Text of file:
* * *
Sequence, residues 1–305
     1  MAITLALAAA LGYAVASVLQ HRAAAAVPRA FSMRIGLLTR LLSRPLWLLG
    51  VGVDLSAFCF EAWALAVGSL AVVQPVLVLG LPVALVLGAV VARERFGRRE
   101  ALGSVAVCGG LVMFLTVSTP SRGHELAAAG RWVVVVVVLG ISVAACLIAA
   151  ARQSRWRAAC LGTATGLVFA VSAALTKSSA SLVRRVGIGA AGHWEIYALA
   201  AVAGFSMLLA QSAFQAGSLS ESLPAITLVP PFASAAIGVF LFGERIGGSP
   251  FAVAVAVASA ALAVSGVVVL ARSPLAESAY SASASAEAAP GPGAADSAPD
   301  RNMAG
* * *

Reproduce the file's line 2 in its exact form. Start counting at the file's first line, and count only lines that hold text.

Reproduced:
     1  MAITLALAAA LGYAVASVLQ HRAAAAVPRA FSMRIGLLTR LLSRPLWLLG